As part of his research on the effectiveness of storytelling, Paul has personally interviewed over 250 CEOs, executives, leaders, and salespeople in 25 countries, documenting over 2,000 individual stories. Leveraging those stories and interviews, Paul identified the components of effective storytelling and developed templates and tools to apply them in practice. His work has been featured in The Wall Street Journal, Inc. Magazine, Time, Forbes, The Washington Post, PR News, and Success Magazine, among others.

Paul delivers professional workshops and keynote addresses on effective storytelling for leaders and salespeople. His clients include international giants like Hewlett Packard, Ford Motor Company, Bayer Medical, Abbott, Novartis, Progressive Insurance, Kaiser Permanente, and Procter & Gamble.

Paul holds a bachelor’s degree in economics, and an MBA from the Wharton School at the University of Pennsylvania. He lives with his wife and two sons in the Cincinnati suburb of Mason, Ohio. He can be found at www.leadwithastory.com.

You can also find him on social media at:
Twitter: www.twitter.com/LeadWithAStory
Facebook: www.facebook.com/LeadWithAStory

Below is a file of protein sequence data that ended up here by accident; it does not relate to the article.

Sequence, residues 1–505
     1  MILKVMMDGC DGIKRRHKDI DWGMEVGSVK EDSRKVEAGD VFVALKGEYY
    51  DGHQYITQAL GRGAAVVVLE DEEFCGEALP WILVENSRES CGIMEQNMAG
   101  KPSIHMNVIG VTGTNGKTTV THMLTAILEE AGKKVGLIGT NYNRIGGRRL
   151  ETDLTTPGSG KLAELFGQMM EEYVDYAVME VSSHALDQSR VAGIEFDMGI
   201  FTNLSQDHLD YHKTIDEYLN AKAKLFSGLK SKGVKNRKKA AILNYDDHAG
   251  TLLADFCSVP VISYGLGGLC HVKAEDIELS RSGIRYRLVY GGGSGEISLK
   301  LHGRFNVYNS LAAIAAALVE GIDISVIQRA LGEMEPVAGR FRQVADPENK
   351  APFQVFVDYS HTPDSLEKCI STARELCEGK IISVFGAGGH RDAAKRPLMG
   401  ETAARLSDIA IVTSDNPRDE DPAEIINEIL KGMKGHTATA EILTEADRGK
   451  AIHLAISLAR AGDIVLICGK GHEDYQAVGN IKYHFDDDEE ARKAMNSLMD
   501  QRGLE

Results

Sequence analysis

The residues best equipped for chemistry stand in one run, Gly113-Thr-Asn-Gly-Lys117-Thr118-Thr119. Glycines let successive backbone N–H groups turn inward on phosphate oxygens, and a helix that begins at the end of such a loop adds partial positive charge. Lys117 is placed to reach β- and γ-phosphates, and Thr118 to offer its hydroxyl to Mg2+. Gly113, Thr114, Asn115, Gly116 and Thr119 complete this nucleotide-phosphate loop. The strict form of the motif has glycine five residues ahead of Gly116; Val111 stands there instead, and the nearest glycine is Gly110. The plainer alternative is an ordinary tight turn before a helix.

OK folks, here, then, I bring you…Paul Smith:

 

Paul, the power of story has gotten a lot of press in recent years, but in first reviewing your book, I must testify you communicate the relevancy and tangible application in a way that…well, I just wanted to bring to the Ziglar audience. Thank you for being here with us today!

So what’s your story that led you to…advocating the power of story?

>>Listen to Paul’s responses

Let’s start off then, with you…defining what a story is and, specifically, in regards to a “sales story.”

>>Listen to the show

Bible readers will well know that Jesus seldom gave a straight answer. He spoke in parables. They depicted this well in the Lord of the Rings movies with Gandalf, of whom the character Aragorn commented, “You speak in riddles.”